At the age of thirteen, most children are still naive to their future self-professions. However, in 1915, a boy at the mere age of thirteen was encouraged by his English teacher to become a writer (French 1). Unbeknownst to the teacher, the boy would arguably become a writer on equal terms to D.H. Lawrence, John Keats, or William Faulkner. The boy in question is John Steinbeck. Though Steinbeck’s era was a time of isolation and sorrow, between the economy and global conflicts the desperate times allowed many opportunities for Steinbeck. For example, he would intentionally immerse himself in unfavorable conditions that others experienced without a choice. In particular, the experiences with the Great Depression and World War II allowed John Steinbeck to change the world with a pen and paper.Perhaps the biggest influence in Steinbeck’s writing can be seen from his experiences of the Great Depression while he lived in California. Before Steinbeck made his living as a writer, he would experience the world from various points of views as he worked jobs such as a surveyor, bricklayer, ranch hand, and a store clerk (John Steinbeck). Seeing the world from the perspective of a hard laborer allowed Steinbeck to form his initial views that would become the basis for his early stories. The crisis that grasped California during 1930-1936 was the Dust Bowl, which according to a website dedicated to the great depression states “a million acres of farmland across the Plains became worthless due to severe drought and overfarming” (Causes of). Because of the despairing situation, Steinbeck was able to experience the severity first hand on many occasions.In fact, in 1935, Steinbeck was allowed to spend a week in Weedpatch where a camp wa…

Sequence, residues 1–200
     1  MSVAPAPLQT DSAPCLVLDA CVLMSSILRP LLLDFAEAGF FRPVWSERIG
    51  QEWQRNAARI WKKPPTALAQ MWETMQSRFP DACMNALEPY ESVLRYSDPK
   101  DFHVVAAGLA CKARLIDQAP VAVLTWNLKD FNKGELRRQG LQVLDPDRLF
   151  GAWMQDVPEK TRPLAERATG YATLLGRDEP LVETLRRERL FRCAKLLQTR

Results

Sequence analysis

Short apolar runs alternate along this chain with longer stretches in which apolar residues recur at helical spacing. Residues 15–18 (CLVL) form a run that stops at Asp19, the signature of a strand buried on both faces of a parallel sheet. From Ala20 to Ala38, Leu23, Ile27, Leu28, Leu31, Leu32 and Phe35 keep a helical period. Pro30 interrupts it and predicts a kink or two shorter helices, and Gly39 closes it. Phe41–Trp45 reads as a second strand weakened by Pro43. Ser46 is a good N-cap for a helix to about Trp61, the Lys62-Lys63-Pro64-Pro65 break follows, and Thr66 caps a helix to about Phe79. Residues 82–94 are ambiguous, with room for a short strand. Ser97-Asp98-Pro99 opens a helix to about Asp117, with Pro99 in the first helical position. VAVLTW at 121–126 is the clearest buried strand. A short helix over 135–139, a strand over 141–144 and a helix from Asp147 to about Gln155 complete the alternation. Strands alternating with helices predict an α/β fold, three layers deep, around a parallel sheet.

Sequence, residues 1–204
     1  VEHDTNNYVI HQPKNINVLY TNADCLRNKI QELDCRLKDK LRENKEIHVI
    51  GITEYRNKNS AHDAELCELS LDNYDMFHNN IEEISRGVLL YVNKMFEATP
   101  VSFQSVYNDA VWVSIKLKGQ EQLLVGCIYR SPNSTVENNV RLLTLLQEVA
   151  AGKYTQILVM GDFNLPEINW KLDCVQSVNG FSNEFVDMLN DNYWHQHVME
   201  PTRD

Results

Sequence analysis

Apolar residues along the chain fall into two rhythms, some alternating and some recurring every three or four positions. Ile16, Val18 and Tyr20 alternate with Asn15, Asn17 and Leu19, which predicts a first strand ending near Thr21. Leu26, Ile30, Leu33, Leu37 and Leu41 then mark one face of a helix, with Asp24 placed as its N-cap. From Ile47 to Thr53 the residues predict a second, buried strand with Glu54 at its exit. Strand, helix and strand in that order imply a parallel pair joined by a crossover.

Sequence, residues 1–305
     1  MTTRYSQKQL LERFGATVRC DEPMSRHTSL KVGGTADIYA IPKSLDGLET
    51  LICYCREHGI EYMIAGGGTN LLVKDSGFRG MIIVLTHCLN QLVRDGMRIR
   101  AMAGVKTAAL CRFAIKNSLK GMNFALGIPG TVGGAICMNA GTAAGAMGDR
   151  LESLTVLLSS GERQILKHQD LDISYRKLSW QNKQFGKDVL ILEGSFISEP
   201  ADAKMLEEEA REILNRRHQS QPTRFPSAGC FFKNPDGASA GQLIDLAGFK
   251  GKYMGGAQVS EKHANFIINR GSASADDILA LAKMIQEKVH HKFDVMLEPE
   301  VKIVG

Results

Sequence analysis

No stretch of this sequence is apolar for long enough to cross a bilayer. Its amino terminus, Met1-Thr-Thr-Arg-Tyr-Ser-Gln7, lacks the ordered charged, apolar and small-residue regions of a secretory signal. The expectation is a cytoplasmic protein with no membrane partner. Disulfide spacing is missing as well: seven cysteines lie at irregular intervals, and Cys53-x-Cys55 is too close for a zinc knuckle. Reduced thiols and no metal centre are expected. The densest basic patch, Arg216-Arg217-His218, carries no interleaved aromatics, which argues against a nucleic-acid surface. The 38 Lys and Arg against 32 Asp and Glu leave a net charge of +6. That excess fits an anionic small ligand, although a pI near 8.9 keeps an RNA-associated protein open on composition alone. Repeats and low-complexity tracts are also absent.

… to realize before it is too late.
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